Jane Goodall: Still Redefining Science at 80
Today is Jane Goodall’s 80th Birthday!
I wanted to write a special post for that .. for her, but I really couldn’t imagine what I’d say that hasn’t been said a thousand times before. I did pay tribute to her in 2011, and I encourage you to go read that post on this occasion.
But in honor of her birthday, just this:
Happy Birthday Dr. Goodall and thank you for everything — your spark, your compassion, and your tireless work on behalf of chimpanzees in the wild and in captivity.
What I am really saying is thank you for setting such a fine example as a scientist, a communicator, a humanitarian and a steward of this earth. By being the change you want to see in the world, you have truly shown us what it means to be human.
Here’s a clip from my previous post:
The other presenter I remember was a tiny blonde woman with a soft English accent. She came to the podium, the lights dimmed, the film started, and she began to talk. And I was in love. On screen was a family of chimpanzees. At the podium, of course, was Jane Goodall.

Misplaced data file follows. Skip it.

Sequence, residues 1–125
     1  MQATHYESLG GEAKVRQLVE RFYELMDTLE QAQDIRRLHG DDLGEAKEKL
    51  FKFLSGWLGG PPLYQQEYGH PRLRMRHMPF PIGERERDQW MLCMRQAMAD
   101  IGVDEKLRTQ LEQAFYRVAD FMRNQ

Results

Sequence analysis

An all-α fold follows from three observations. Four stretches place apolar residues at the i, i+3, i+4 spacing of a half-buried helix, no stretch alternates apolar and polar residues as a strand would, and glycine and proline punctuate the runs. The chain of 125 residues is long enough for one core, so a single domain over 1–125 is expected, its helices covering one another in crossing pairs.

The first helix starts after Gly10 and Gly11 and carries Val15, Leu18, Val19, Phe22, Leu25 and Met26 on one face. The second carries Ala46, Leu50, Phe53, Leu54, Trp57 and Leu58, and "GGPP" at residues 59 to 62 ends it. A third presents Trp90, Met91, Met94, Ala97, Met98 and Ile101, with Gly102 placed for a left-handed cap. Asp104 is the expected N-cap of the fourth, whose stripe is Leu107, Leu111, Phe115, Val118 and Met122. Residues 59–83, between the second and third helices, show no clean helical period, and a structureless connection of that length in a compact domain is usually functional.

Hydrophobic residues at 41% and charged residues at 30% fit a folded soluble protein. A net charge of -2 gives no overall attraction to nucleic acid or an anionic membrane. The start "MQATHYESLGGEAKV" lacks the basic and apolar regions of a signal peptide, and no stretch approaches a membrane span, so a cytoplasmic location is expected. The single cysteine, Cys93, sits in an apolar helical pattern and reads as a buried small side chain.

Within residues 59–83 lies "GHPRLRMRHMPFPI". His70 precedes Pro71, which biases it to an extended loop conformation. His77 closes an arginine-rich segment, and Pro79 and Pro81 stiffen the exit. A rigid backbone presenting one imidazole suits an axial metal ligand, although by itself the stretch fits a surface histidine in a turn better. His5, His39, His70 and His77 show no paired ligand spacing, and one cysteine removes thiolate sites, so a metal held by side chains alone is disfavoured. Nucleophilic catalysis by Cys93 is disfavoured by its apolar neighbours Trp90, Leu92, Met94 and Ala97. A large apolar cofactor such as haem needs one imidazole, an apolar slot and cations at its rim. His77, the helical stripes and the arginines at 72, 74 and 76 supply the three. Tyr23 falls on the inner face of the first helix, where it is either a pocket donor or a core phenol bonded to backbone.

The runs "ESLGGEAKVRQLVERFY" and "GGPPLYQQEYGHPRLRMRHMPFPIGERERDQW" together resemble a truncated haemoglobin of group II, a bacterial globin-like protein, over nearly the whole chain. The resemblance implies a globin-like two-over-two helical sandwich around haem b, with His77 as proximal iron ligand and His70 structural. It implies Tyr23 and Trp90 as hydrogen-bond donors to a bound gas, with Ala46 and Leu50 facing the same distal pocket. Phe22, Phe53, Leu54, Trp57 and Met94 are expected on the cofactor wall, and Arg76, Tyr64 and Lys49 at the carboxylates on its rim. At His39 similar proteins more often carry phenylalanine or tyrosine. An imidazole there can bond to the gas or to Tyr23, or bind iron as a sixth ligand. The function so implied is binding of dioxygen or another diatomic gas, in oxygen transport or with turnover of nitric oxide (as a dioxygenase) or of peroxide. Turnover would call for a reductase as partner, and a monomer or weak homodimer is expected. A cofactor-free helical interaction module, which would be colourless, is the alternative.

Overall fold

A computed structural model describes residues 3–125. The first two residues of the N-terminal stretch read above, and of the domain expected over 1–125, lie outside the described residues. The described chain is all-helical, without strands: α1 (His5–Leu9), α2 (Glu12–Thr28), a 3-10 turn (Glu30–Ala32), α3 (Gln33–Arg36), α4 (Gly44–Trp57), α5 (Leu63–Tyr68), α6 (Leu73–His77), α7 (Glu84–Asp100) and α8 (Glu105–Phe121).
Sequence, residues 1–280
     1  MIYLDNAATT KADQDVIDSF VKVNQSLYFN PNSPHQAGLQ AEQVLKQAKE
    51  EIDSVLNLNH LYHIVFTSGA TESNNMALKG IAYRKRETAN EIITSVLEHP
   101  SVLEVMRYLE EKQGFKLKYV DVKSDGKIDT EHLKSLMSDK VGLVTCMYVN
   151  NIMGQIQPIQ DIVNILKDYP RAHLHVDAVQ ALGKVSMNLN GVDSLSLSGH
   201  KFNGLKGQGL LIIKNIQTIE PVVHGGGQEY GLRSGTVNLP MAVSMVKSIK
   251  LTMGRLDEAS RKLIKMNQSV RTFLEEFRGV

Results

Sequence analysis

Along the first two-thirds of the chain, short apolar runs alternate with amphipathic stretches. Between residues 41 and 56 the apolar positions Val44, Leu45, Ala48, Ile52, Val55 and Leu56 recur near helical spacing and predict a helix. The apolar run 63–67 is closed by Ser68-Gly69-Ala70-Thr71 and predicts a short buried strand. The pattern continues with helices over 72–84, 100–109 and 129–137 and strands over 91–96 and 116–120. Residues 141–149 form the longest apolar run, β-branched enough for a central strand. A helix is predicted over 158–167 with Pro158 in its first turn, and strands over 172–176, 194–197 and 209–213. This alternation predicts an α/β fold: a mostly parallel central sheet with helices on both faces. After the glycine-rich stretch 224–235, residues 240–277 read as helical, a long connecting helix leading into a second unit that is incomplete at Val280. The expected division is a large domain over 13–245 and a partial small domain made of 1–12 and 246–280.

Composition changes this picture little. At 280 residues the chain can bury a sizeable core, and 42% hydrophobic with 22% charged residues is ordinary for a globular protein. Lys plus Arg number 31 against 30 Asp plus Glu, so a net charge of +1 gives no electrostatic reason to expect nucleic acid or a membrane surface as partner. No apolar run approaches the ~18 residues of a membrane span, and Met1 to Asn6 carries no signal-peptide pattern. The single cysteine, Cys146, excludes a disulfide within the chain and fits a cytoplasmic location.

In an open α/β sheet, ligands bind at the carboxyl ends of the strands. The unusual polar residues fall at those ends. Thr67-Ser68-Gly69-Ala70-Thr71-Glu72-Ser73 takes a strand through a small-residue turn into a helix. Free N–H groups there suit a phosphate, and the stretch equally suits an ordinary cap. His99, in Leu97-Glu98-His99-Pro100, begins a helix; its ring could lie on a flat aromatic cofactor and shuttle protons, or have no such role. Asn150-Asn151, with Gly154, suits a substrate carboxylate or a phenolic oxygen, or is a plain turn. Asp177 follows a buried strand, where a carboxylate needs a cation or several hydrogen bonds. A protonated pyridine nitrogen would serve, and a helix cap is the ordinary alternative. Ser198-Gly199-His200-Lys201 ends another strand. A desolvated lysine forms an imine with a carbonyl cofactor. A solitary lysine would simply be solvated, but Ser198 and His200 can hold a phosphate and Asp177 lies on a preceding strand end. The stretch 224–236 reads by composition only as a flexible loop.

Jane (she wasn’t Dr. or Dame Goodall then) was fresh from Gombe Stream Reserve and she introduced us to all the animals whose names many of us can still recite: Flo, the Grande Dame; her children, Faben, Figan, Fifi, Flame, and Flint. Melissa and her children, Goblin and Gremlin. And of course, David Greybeard. Then, after introducing them, she quietly told us the stories of their lives.
I was 14 years old. And captivated.
Now click on over and read more about my first encounter with Jane Goodall and how she influenced the course of my life.
Then, when you come back, take a look at this short National Geographic retrospective of Dr. Goodall’s life and work: